Elementary school students in Alor, East Nusa Tenggara hold up books they received from John Donbosco Lobo. (Photo supplied)
John Donbosco Lobo was shocked by what he found when he paid a visit in 2013 to his former elementary school in Jerebuu, on Indonesia's Flores Island.
He discovered that the books in the school's library were the same ones that were there when he attended the school more than 30 years previously, only most of them were torn and in a very sorry state.
"The books were dusty, dilapidated, and worse, I could only find the covers for many, as the pages had disappeared," Lobo, 46, told ucanews.com.
"I keep asking myself, how can young people from remote areas like my boyhood village get a decent education if they don't have access to new books?" said Lobo who later moved from East Nusa Tenggara province and now works as a Catholic religion teacher in a state school in Mojokerto in East Java.
East Nusa Tenggara and several other provinces in the eastern part of Indonesia have always been at the bottom in terms of education quality, mainly due to illiteracy.
An early grade reading assessment by USAID in 2014 revealed that children in Java and Bali could read 59.2 words per minute, whereas those in Nusa Tenggara, Papua and Maluku provinces could only read 29.7 words per minute.
It also revealed that only 46 percent of children from those provinces could understand what they read compared to 78 percent from Java and Bali.
According Indonesia's Education Ministry, Papua had the country's highest rate of illiteracy as of last year with 28.75 percent of the population still unable to recognize letters or read. West Nusa Tenggara province was second highest on 7.91 percent.
Lobo believes these high rates are not because students are lazy to learn, but because of a scarcity of books.
"Simply put, students at schools with better facilities, such as good libraries, are more advanced than others," he said.
In October 2013, soon after the visit to his old school, Lobo and his wife — a nurse — began contacting people, asking them to donate books.
A former patient of his wife was the first to respond.
"In a matter of days, a truck loaded with books arrived," he said.
Lobo later sent them to his alma mater, St. Thomas Aquinas Senior High School in Mataloko, Flores, which then delivered the books to elementary schools.
Immediately after he shared photos of the books on his Facebook account, messages from various schools came in, asking for his help.
"We asked parishioners to bring books when they attended Mass, which they did," he said.
"Muslim neighbors also lent their support and donated books," he said.
John Donbosco Lobo hands books to a teacher in Larantuka on Flores Island. (Photo supplied)
Lobo's donation drive, which he called Katakan dengan Buku (Say it with books) was initially only for Catholics in East Nusa Tenggara province. It has since mushroomed to help people in other regions, including Muslim groups.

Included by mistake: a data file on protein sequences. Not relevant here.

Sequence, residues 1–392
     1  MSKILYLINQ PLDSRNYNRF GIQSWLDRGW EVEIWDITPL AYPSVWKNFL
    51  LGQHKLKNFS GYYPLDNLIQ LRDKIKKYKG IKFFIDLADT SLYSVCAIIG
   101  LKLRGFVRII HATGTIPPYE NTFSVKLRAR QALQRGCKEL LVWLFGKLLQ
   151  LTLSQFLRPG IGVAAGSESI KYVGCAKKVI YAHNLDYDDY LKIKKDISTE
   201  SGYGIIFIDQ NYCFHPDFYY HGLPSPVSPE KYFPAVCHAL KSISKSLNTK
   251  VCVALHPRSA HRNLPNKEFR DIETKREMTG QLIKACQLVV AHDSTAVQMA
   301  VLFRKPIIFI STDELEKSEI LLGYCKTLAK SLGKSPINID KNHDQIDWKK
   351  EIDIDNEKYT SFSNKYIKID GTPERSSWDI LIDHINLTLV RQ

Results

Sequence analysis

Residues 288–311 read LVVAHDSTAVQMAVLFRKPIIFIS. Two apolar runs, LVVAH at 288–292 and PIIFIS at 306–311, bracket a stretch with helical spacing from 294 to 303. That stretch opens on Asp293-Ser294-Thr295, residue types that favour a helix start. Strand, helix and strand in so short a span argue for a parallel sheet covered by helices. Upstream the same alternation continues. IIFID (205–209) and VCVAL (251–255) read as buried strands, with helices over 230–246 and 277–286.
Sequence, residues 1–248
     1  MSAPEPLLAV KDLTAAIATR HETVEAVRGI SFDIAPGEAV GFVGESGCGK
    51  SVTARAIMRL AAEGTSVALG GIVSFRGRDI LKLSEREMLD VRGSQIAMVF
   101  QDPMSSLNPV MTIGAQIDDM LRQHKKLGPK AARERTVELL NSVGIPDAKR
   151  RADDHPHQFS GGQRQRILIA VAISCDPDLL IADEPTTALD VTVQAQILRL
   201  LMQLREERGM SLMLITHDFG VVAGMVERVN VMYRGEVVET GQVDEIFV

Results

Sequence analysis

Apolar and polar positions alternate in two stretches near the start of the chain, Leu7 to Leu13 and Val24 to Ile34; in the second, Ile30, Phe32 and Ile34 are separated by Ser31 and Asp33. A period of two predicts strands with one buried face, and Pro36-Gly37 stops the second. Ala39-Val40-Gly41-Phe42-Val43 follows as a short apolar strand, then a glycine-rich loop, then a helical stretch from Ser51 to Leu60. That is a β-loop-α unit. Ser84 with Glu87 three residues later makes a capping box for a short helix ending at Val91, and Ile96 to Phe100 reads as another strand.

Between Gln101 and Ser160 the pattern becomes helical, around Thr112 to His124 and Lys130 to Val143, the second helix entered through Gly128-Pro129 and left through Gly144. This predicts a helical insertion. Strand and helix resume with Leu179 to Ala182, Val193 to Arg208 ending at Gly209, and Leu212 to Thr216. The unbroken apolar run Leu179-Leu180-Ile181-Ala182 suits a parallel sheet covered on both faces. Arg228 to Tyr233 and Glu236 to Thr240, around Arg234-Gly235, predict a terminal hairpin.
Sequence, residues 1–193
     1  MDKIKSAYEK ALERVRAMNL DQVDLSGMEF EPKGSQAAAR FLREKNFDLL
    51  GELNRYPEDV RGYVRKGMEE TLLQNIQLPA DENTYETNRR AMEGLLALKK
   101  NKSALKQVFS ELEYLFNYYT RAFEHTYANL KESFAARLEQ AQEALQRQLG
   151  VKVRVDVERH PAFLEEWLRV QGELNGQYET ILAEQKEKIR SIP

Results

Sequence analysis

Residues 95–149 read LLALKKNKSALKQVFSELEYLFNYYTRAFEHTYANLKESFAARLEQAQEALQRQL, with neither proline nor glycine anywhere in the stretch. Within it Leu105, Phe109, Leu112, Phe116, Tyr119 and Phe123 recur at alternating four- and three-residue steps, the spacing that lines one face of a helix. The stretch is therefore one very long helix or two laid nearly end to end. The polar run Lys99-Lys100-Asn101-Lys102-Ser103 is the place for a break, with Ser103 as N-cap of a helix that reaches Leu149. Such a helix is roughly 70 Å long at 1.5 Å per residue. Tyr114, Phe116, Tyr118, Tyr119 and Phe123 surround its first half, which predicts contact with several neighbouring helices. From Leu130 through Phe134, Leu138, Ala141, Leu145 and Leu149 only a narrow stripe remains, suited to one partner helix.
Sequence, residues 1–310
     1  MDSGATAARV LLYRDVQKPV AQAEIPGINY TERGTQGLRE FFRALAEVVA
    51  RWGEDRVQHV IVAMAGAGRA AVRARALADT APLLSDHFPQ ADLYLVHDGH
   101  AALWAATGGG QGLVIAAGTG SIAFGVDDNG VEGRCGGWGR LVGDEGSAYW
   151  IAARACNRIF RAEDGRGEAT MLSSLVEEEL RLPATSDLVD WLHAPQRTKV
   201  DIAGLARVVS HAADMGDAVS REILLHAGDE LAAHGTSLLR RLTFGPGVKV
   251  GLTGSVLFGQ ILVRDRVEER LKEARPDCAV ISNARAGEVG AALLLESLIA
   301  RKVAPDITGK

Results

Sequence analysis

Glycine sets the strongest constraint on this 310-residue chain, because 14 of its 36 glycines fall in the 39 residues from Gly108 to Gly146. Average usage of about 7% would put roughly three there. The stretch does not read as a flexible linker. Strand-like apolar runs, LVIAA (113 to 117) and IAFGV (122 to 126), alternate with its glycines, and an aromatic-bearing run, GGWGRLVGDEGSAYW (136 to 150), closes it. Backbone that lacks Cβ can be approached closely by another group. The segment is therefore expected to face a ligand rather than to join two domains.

The scale of this endeavor has also forced Lobo enlist the help of volunteers, such as friends or university students.
Last year one such group in Maros in South Sulawesi, asked him to send them Qurans, which he did with the help of his Muslim friends.
Donors initially paid for shipping. However this became much easier in May last year when Indonesian President Joko Widodo began Free Cargo Literacy — a program to send books free of charge across the country every 17th day of every month.
Lobo has now been listed as a special member who can send books in large quantities.
"Every month I can ship over a thousand books," he said, with the help of university students in East Java.
Franciscan Father Vincensius Darmin Mbula, chairman of the National Council of Catholic Education, said Lobo's literacy initiative is helping to overcome book shortages experienced by many schools in remote areas.
He said schools do not have problems with course books since the government provides them.
"But very few schools have supplementary reading, such as story books, magazines or comics," he said, which are equally important to enhance a child's knowledge.
"Any individual initiative, such as John Lobo's, is very positive," he said.
Lobo said what he has been doing is a manifestation of his Catholic faith, which is to love other people.
"I just feel that I have an obligation to dedicate myself for others in need through a simple way," the father of two said.
He said he always feels motivated when he sees photos of children receiving books that came from him.
"Their cheerful faces are the reason I continue doing this," he said.
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